Update: Need to run Caddy as service with systemd? Checkout this blogpost!
Recently I discovered a very promising webserver (written in Go) called Caddy.
Now, Caddy is just an executable, which I wanted to turn into a service on my Ubuntu server.
Running any executable as a service can be done using Upstart. Once you’ve created a config file in
/etc/init/my_service.conf, you can use some simple commands like
service my_service start,
service my_service stop, … and the service will run at boot time.
The output of the program will be logged to
To allow a non-root user to listen on port 80, you must allow the executable to do so:
$ sudo setcap cap_net_bind_service=+ep ./caddy
My configuration file looks like this:
description "Caddy Server startup script" author "Mathias Beke" start on runlevel  stop on runlevel  setuid some-caddy-user setgid some-caddy-group respawn respawn limit 10 5 limit nofile 4096 4096 script cd /home/mathias/ exec ./caddy end script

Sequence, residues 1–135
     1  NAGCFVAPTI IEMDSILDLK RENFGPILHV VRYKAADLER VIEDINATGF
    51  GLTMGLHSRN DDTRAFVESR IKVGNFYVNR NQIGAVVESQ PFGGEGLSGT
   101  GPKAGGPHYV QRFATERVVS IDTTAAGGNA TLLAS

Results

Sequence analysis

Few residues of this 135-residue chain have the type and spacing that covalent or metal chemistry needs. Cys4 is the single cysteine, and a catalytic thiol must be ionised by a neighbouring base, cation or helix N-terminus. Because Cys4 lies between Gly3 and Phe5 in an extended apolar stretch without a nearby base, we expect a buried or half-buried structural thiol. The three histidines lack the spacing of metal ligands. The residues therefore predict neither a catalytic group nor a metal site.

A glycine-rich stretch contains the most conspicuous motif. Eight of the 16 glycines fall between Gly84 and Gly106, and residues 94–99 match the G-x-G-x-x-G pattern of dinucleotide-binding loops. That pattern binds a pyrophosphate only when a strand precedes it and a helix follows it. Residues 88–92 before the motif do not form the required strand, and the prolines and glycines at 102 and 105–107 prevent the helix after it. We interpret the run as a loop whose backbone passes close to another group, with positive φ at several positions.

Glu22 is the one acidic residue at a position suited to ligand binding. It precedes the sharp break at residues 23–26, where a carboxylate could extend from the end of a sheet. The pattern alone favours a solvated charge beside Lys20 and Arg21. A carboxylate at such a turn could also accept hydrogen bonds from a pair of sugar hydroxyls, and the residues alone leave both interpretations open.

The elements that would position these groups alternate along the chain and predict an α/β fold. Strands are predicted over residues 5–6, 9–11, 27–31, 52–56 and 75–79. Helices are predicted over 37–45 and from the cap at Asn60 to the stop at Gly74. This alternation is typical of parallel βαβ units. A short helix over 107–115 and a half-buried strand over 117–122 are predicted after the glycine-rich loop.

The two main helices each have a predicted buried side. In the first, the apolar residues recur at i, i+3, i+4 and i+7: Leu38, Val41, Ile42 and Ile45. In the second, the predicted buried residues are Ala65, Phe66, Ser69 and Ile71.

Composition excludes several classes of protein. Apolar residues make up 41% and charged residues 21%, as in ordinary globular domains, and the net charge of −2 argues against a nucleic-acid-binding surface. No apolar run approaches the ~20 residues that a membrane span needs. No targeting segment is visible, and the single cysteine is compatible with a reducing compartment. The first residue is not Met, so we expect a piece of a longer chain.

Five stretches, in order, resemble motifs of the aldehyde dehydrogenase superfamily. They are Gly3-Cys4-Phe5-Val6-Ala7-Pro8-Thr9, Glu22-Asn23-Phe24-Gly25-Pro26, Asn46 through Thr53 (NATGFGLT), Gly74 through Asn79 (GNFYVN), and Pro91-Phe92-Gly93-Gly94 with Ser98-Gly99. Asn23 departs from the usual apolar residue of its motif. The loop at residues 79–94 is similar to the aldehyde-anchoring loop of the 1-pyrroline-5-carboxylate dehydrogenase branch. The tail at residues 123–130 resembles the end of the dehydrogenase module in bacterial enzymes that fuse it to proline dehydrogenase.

Explanation of the commands:
start on runlevel specifies the job needs to be started after the basic facilities are up.
stop on runlevel is used for a normal shutdown.
setgidcan be used to run the job under a specific user account. Set this to an account that is less privileged than the root user. You don’t want to run a webserver with root access!
respawnwill automatically restart (well… ‘respawn’) the process when it stops for any reason.
respawn limit COUNT INTERVAL | unlimitedspecifies a limit for the automatic respawn of the process.
Respawning is subject to a limit. If the job is respawned more than COUNT times in INTERVAL seconds, it will be considered to be having deeper problems and will be stopped. Default COUNT is 10. Default INTERVAL is 5 seconds.
To have the job respawn indefinitely, specify an argument of “unlimited”. However, care should be taken using this option: does your service really stop that frequently? Should it?
execexecutes the actual command.